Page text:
Primary stores per LA were computed by aggregating this information from the
MSOA level (created from the computations in Section 3). Per LA, there were an
average of 83 primary stores and a maximum of 262. Outputs included the number
of total area matches and the number of primary stores that were matched from
Results were contextualised with existing migration statistics captured by the 2011
Census Origin-Destination data (describing the origins and destinations of moves that
occurred in England and Wales between 2010 and 2011). These analyses similarly
aimed to investigate whether the moves identified within the loyalty card data followed
broadly expected patterns of migration, rather than use them to make inferences across
Due to the segment of customers being an actively transacting group, 97.45% could be
accurately matched to one LA. Matches at the MSOA level were able to match 13,000
address errors and 4290 address change customers to one small area. These customers
had an average of 121 transactions and a mean of 24 stores, suggesting that,
unsurprisingly, customers with a larger overall store network could be matched with finer
granularity. However, due to these relatively low match rates, only LA level data were
considered for further analysis. The maximum number of matches obtained for any
individual was 4, but these results depended largely on the amount of data available for
a customer. Table 2 shows the average transactions and available store data per
customer required to suitably match individuals to their relocated areas.
Results indicated that whilst there may be a relationship with inter-regional flows, the
card data substantially underestimated intra-regional migration from what we may expect.
This is likely due to the limitations acknowledged in Section 3.2, such as students
dominating the sample or the inability of the method to highlight local migration patterns.
Figure 10 demonstrates a comparison of inter-regional flows using the card and Census data.
Spearman’s correlation indicated a moderately strong positive relationship between inter
regional flows estimated using the card and Census data (rho = 0.691207, p < 2.2e-16).
Comparable proportions of movement between regions can be observed, although the card
data may over estimate moves between areas in some cases (i.e. migration to London). This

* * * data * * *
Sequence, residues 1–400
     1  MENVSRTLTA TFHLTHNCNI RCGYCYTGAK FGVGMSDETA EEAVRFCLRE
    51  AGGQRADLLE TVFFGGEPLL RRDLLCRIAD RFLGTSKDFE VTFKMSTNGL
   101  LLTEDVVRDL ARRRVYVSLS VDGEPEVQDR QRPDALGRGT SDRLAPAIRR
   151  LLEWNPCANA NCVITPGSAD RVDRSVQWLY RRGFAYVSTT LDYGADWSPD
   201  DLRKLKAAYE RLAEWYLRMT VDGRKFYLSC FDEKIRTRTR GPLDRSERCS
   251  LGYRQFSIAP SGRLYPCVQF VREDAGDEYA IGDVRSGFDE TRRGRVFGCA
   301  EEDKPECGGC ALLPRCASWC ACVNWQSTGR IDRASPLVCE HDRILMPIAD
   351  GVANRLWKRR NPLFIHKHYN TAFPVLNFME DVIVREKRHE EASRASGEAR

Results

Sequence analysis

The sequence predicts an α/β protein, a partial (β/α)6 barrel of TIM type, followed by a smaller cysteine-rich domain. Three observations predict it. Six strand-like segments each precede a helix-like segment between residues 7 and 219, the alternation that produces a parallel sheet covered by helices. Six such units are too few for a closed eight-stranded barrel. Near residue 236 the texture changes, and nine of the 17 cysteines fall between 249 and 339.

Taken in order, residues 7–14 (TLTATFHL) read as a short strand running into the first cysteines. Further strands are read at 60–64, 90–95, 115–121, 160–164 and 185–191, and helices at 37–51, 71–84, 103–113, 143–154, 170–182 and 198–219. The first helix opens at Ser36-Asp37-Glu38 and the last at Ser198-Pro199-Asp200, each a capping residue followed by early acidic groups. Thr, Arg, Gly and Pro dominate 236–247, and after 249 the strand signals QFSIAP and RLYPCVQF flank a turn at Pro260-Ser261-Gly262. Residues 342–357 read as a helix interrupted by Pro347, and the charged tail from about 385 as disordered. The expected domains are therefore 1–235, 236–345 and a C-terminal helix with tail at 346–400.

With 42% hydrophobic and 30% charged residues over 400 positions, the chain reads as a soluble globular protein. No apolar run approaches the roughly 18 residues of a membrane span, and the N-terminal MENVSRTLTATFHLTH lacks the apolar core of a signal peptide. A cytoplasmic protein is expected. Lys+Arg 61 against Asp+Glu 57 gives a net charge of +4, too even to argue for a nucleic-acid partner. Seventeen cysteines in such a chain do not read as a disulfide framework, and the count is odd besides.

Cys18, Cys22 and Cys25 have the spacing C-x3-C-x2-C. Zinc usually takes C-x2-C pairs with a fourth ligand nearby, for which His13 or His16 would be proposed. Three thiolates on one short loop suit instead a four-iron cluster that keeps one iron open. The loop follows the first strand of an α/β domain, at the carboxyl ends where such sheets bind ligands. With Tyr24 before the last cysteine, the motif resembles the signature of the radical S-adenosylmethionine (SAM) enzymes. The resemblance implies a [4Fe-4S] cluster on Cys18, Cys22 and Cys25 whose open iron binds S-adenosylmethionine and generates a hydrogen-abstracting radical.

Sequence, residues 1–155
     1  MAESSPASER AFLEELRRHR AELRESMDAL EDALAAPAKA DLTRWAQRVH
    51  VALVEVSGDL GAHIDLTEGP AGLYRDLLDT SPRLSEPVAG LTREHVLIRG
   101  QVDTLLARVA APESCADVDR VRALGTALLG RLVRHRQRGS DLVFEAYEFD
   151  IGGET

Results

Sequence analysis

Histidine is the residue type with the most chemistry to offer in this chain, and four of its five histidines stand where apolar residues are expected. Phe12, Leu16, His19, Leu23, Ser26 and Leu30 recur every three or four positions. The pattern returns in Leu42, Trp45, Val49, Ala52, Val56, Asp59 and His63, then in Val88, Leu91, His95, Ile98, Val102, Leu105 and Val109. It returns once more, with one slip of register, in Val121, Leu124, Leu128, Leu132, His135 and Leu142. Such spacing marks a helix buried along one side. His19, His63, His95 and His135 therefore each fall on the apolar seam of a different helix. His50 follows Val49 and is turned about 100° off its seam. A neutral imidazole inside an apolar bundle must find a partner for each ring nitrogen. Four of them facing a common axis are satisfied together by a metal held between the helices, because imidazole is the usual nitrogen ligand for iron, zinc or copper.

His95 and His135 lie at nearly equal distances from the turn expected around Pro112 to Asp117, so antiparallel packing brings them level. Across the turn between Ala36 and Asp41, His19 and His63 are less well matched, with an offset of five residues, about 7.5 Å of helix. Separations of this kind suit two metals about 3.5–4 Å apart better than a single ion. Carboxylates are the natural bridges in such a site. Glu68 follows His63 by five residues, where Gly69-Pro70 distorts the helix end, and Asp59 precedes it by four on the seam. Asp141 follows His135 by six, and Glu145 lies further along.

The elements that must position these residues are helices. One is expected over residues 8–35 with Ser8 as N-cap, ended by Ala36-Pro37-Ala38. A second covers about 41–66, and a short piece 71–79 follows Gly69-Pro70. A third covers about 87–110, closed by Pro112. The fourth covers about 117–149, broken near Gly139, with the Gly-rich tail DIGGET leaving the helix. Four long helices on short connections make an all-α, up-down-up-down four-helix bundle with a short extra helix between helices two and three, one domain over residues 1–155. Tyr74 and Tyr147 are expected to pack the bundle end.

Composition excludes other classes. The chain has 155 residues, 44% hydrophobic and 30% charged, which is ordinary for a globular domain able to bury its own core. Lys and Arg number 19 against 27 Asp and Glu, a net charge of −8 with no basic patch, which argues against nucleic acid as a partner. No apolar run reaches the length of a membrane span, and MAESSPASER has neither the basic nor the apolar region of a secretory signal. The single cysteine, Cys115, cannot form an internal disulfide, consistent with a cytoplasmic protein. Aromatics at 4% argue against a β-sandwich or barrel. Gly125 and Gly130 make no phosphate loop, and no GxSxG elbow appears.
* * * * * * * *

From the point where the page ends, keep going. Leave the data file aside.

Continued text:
could be due to the card data covering a different and longer temporal period.
These analyses utilised knowledge and theory from multi-disciplinary domains to identify
inaccurate addresses based on customers’ stated home location and their transactional
histories in a large consumer dataset. Results suggested that a segment of the population
within postcode referenced consumer data might be unrepresentative of a current place of
residence. Despite being unable to unequivocally verify these findings due to the absence
of reference data, comparisons with existing national statistics suggested that the method
was able highlight customers that we may expect to have more transient residential
locations and demonstrated comparable trends to inter-regional migration. These insights
provide promising prospects for the use of large consumer datasets in social science
research. For example, they highlight the ability to identify potential uncertainties using
the data alone, where linkage to reference data is not possible. In doing this, we are able to
expose data veracity issues inherent in consumer data and propose heuristics by which we
can attempt to address them. Such methods may be adopted in other relevant systems or
settings in an attempt to clean spurious patterns, for example, in any dataset where home
locations and behavioural points of reference are accessible.
Whilst further investigations are needed, the observed relationships with Census data
present a promising example of the potential to use alternative datasets as a means of
creating more frequent indicators of migration. This could contribute to filling the data
void that occurs during inter-censual periods. For example, objectives for the Census
2021 and beyond suggest the integration of more address-level intelligence from